According to a report in the New York Post, police in New York have arrested a man who called himself Prince Josef von Habsburg-Lothringen of Austria. He wore fancy suits and walked a rare dog around SoHo, in Lower Manhattan. He and his beautiful wife, Michel, and their children lived in a loft filled with chandeliers and Chinese antiques. He spoke of making or losing $100,000 a day at the private bank he ran. People thought of him as eccentric, but they forgave him that — after all, royal families and the super-rich aren’t supposed to be like the rest of us.
The only real problem was that von Habsburg-Lothringen wasn’t actually a prince at all. He didn’t own a bank. He was a high-level FBI informant named Josef Meyers who had been arrested many years before during a drug raid. Meyers had abandoned his first wife and the couple’s children and become a deadbeat dad, skipping out on $200,000 in child support while he made big money tipping off federal authorities about the activities of other criminals.
New York City has previously and famously hosted Clarke Rockefeller—the “fake” Rockefeller — who was actually born Christian Gerhartsreiter in Germany. When he stood trial in Massachusetts after being charged with kidnapping his daughter (during a supervised visit that followed his divorce), I evaluated him and later testified at trial that he was severely psychiatrically ill and not criminally responsible for his actions. The jury deliberated for days before sentencing him to a few years in prison.
The question of why people lead double lives is fascinating. But it is may be even more fascinating to wonder how they can do it. Something about the psychological makeup of Meyers and Gerhartsreiter, after all, “allowed" them to turn their backs on their families and to continually lie to those around them for years and years. Most of us won’t or can’t walk out on our own existences and begin anew, nor could we bear the anxiety and stress of fabricating an entirely new life, keeping up the ruse with new “friends” and even new family members, day-in and day-out.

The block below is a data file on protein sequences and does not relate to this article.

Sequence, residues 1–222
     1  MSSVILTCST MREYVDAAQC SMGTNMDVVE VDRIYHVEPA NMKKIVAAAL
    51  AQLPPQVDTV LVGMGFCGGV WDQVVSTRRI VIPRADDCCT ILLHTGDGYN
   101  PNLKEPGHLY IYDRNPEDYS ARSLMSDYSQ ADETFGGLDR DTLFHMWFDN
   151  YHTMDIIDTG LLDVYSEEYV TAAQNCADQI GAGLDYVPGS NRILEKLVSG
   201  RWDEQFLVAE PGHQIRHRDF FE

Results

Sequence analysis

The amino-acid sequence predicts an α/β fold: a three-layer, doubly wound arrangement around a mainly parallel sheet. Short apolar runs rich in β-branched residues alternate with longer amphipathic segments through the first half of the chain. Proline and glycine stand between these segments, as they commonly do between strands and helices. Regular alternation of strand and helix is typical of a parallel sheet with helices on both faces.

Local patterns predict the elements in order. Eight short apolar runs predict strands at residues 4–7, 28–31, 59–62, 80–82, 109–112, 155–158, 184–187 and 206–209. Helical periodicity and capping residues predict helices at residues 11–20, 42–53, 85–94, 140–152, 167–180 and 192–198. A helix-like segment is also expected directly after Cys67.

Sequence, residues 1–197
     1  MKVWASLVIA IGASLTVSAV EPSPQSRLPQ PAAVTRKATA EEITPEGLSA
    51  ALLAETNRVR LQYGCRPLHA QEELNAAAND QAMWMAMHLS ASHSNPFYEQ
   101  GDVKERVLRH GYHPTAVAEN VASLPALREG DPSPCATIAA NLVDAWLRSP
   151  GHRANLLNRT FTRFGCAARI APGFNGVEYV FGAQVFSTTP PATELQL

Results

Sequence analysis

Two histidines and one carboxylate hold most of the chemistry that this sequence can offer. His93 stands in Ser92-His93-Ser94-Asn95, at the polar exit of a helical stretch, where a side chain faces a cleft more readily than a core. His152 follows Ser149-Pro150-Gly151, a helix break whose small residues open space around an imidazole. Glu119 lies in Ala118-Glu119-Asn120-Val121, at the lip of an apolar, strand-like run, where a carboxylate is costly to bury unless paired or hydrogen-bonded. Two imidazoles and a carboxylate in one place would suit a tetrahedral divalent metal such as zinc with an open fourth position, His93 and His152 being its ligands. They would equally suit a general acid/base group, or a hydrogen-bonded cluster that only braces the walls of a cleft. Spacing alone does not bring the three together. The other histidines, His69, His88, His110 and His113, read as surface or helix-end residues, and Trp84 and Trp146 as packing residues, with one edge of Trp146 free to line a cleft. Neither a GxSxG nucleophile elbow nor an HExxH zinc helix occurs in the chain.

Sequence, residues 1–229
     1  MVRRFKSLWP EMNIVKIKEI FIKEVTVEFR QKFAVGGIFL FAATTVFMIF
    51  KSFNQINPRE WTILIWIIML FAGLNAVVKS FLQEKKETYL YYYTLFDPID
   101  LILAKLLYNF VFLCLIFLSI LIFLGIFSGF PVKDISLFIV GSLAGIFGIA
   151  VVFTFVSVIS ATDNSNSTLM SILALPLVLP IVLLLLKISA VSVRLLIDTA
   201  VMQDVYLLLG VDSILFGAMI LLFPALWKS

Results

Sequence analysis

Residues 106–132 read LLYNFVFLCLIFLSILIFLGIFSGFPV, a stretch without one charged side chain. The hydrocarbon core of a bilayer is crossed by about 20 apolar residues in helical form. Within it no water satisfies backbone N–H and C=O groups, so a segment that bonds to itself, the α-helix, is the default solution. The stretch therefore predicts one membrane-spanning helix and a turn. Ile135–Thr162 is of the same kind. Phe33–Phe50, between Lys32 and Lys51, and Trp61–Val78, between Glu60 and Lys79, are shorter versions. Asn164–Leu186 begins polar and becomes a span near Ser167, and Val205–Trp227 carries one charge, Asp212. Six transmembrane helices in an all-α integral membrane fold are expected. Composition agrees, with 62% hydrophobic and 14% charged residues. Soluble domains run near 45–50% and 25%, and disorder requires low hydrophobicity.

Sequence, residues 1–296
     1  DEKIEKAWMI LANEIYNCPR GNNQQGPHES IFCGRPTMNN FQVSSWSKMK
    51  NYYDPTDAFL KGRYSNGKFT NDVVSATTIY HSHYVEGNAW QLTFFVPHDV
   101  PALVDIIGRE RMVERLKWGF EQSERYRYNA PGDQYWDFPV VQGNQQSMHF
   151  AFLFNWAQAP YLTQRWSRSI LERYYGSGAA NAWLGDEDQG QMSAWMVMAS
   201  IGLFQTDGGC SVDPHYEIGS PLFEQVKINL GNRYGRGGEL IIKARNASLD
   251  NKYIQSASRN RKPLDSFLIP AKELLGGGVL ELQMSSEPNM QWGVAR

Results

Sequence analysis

The key to being able to live a double life, I believe, is this: Having been forced to live one as a child.
In every case I have studied of those who lead fraudulent existences (including Scott Peterson, who killed his wife Lacy Peterson), the man or woman learned very early on, in the setting of extreme emotional pain, to cleave his or her deepest and most genuine feelings — often of sadness and anger — from awareness. Sometimes that meant hiding the truth from others, but frequently it also meant hiding the truth from themselves. A child who is treated with cruelty by his parents, for example, may well bury feelings of desperation and rage simply to get through each day. A child who is psychologically injured again and again, whether by loss or violence, may develop the ability to depart from reality, in order to protect himself from the full impact of those traumas.
It is these children, grown to adults, who retain the “ability” and inclination to slip the bindings of their own existences and write new life stories, seemingly without regard for the old. It is those who could not bear the truth when they were most vulnerable who sometimes remain comfortable at a great distance from it.
The strategy never works, by the way. Pretending to be a different person may keep one’s demons at bay for months or years, but the underlying trouble in that individual’s soul will manifest itself, given time. Clark Rockefeller’s marriage crumbled and he could not bear to be separated from the one genuine relationship in his fake life — his love for his daughter. He kidnapped her and is now behind bars. Josef Meyers projected his own suffering onto his children, abandoning them as he must have been spiritually abandoned himself early in life. That ultimately led to his arrest, too.
You can’t outdistance the past. The truth wins every time.
Dr. Keith Ablow is a psychiatry correspondent for Fox News Channel and a New York Times bestselling author. His book, “Living the Truth: Transform Your Life Through the Power of Insight and Honesty” has launched a new self-help movement including www.livingthetruth.com. Dr. Ablow can be reached at firstname.lastname@example.org.
Dr. Keith Ablow is a psychiatrist and member of the Fox News Medical A-Team.